Exhibit 2:
Common Temporary Differences
 Effect on
 Deferred Taxes
 in Year Originated
Description of
Temporary Difference Debit Credit
Income that is taxable later than it is X
recognized for books. (Example: In-
stallment sale profit recognized for
books in the year of the sale but recog-
nized for tax when collected.)
Expenses that are deductible for tax X
later than when they are deducted for
books. (Example: Warranty expenses
that are deducted for books at the
time the related products are sold but
are not deductible for tax until paid.)
Income that is taxable before it is rec- X
ognized for books (Example: Cash re-
ceived on service contracts that are not
included in book income until the ser-
vices are performed.)
Expenses that are deductible for tax X
before they are deducted for books.
(Example: Accelerated depreciation
used for tax purposes but a straight-
line method for computing deprecia-
tion is used for books.)

5. Combine the deferred tax liability and the deferred tax asset reduced by the valuation allowance, if any, to determine the net deferred tax liability or asset.

Once the year-end deferred tax position is determined, this amount is compared to the beginning of the year deferred tax position in order to make any necessary adjustments to the deferred income taxes account. This adjustment is the deferred tax expense or benefit for the year.

It can be seen from the methodology used to compute the year-end deferred tax position that an adjustment to deferred income taxes may be needed even if there is no change in gross temporary differences during the year. This would happen, for instance, if there were a change in tax rates or when it is determined that the valuation allowance account needs adjustment due to a change in judgement about the realizability of the related deferred tax assets.

The AMT credit carryforwards taken from prior year tax returns are to be included as deferred tax assets. They are subjected to a "more likely than not" test just as all deferred tax assets are.

An Illustration of the Three Standards

The example below illustrates how the SFAS 109 differs from APB Opinion No. 11 and SFAS 96 by showing the tax provision entry under each of the standards.


* Pre-tax financial income for the current year 1991 is $2,000.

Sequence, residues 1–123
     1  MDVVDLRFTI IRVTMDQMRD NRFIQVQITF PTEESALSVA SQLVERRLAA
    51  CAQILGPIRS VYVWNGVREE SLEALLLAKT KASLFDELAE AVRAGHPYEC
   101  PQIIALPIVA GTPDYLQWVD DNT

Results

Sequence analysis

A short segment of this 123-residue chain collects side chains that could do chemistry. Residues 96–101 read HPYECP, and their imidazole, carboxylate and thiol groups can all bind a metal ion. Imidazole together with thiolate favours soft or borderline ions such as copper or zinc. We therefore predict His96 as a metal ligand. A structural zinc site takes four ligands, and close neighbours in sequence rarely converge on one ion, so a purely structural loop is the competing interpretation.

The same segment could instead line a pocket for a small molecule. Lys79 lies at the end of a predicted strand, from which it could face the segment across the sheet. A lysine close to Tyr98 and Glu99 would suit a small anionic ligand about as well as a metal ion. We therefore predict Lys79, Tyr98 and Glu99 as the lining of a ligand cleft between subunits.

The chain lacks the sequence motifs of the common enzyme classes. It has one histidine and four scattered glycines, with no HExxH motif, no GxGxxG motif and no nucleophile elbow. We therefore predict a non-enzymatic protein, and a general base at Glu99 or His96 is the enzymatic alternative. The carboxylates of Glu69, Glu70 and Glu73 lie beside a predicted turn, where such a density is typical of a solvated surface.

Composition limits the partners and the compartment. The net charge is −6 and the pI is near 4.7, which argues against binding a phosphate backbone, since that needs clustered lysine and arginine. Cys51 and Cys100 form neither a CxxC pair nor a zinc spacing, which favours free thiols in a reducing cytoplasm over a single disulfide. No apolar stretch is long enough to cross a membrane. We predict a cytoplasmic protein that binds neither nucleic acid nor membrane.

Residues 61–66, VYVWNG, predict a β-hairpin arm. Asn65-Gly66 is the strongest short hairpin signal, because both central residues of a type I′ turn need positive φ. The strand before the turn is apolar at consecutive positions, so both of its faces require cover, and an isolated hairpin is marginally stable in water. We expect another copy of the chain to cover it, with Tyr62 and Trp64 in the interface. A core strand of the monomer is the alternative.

* No operating loss or tax credit carryforwards exist.

* No taxes were paid in any of the prior two years.

* Temporary differences for 1991 are:

1. Tax depreciation exceeds book depreciation by $200.

2. Warranty expenses of $700 were deducted for book purposes but none were paid.

* At the beginning of 1991 the book basis of fixed assets exceed their tax basis by $300.

* Since the prior year's tax rate was 30%, the balance sheet reflects a deferred tax liability of $90 at the beginning of 1991.

* The tax rate for the current year is 40% and no rate changes have been enacted for the future.

* All temporary differences at the end of 1991 are expected to reverse 50% in 1995 and 50% in 1996.

* Taxable income in the next five years is expected to be sufficient to absorb any net deferred tax assets.

APB No. 11 Tax Provision

Using the "with-and-without" method of calculating deferred taxes, the tax provision is shown below.
 Without With
Pretax financial income $2,000 $2,000
Less excess depreciation (200)
Add nondeductible warranty
expense 700
 2,000 2,500
 x 40% x 40%
 $ 800 $1,000
The journal entry is:
Tax expense 800
Deferred income taxes 200
Taxes payable 1,000

SFAS 96 Provision

Taxes payable does not change from the amount determined above but the change in deferred taxes requires: 1) preparation of a temporary difference reversal schedule to determine whether a net deferred tax liability results; 2) multiplying the net deferred tax liability by the appropriate tax rate to determine the year-end deferred tax position; and 3) comparison of the unadjusted year-end balance in deferred taxes to the balance calculated in step 2 as follows:
 Reversal Schedule
 Year Expected to Reverse
Temporary Difference 1995 1996
Fixed Assets $250 $250
Warranty accrual (350) (350)
Net deferred debit $(100) $(100)

Deferred tax assets can only be recognized to the extent that deferred tax liabilities will reverse in the future since anticipation of income from other than the reversal of deferred tax liabilities is prohibited under this standard. A net deferred liability does not result from the reversal schedule above so, in summary, there should not be any deferred tax asset or liability recorded at the end of 1991.
Deferred tax asset/(liability) should be: $0
Deferred tax asset/(liability) as recorded: (90)
Deferred tax provision: $90
The journal entry is:
Tax expense: 910
Deferred income taxes: 90
Taxes payable: 1,000

SFAS 109 Provision

Consistent with the prior two standards, the current tax provision is unchanged at $1,000.

Following the five steps outlined previously, the first step is to identify all temporary differences. As stated in the assumptions, the temporary differences are:
Excess tax depreciation (300 + 200) $(500)
Warranty expense disallowed 700

Second, the deferred tax liability is calculated:

Deferred tax liability = $500 x 40% = $200

Third, the potential deferred tax asset is calculated:

Deferred tax asset = $700 x 40% = $280